Matt Gunn of Albert Town is the instigator of Aspiring Avalanche Dogs, the team of dogs and handler stalwarts who are on standby throughout the winter at Treble Cone (TC). Their job is to rescue avalanche victims from an otherwise snowy demise.
Gunn has been in the business of training dogs for avalanche rescue for the past 20 years. It has been his passion. For him, it’s the dogs who are the heroes- and this article is a tribute to the dogs that he, and his handler team, have interacted with over this time.
So tell us how you became interested in training dogs for avalanche search and rescue?
It started for me when I witnessed an avalanche at Ohau in 1991 involving three people. One was killed.
It was a "closed field" day, and there was a list of unfortunate events that led to this fatality. That experience certainly played a significant part in my journey to becoming an avalanche dog handler.
A few years later, in 1995, I was looking after a friend's dog, and I started doing some "hide and seek" with Wizzid. I was amazed at how quickly he picked it up. When I gave Wizzid back to my friend, I said when he bred from him, count me in.
So about four years later I got a call saying that Wizzid had a mate and I had first pick of the litter.
There was also an avalanche out the back of TC where I was now working as a patroller, and after that, the field manager said: "Why don't we have an avalanche dog here at TC?"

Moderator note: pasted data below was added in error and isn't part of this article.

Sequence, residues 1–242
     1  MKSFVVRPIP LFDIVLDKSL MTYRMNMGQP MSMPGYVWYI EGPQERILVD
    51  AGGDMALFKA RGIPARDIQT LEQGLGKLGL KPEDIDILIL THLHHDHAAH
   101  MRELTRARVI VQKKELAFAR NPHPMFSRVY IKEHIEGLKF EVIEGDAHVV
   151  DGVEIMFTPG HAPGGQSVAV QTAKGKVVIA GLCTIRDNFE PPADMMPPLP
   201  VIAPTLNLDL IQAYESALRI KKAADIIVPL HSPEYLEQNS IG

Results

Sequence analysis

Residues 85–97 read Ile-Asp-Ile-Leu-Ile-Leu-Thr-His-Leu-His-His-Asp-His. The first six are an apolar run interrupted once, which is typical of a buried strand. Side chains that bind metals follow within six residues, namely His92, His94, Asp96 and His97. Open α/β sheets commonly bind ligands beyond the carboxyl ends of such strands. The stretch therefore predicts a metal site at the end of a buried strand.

As it turned out a week prior, I found out I had a pup coming in my direction, so I was able to tell him this was possible
In 2000 we started training Blizzid and TC had its first full-time avalanche dog. And so the evolution of avalanche dogs started properly in 2000.
And although we have just had our ten year birthday, I've been chipping away at this for 20 years.
How did things develop after that?
Very quickly, I realised we needed more than one dog if we were to have succession on the hill in periods of hazard. So the call went out to ski patrol, and Brendon Kearns stepped up.
Over the years, I have been giving proposals to TC to encourage them to help me set up NZ's first professional avalanche dog programme. After years of trying and failing to get this across the line, it didn't happen because TC didn't have any time or money to invest in this. They were keen to have the dogs up there, but ski fields are tight.
And the birth of Aspiring Avalanche Dogs?
Aspiring Avalanche Dogs was born out of frustration. I'd been putting so much work in, and I wanted TC to step up and help create something that would exist whether I was there or not. That's still my goal. I'm hoping with the new owners (of TC and Cardrona) there might be an opportunity for this in the future.
It got to the point where I went about getting a committee of people together to form Aspiring Avalanche Dogs. This was 2010.
So what is the purpose of Aspiring Avalanche Dogs?
Our sole purpose is to ensure succession – to bring new dogs and handlers on board, and ensure there are teams of avalanche dog teams based out of TC. That is the primary reason I set up Aspiring Avalanche Dogs.
Id love to set something up and be able to step away and know that it will keep going and will still have a succession of dogs into the future.
So what about the handlers?
We are all volunteer members of LandSar which provides our certification with support from the police. And skiers and mountain people. With anyone who is involved with LandSar, it is just good luck that there are any volunteers. LandSar has no succession plan.
How do you train the dogs?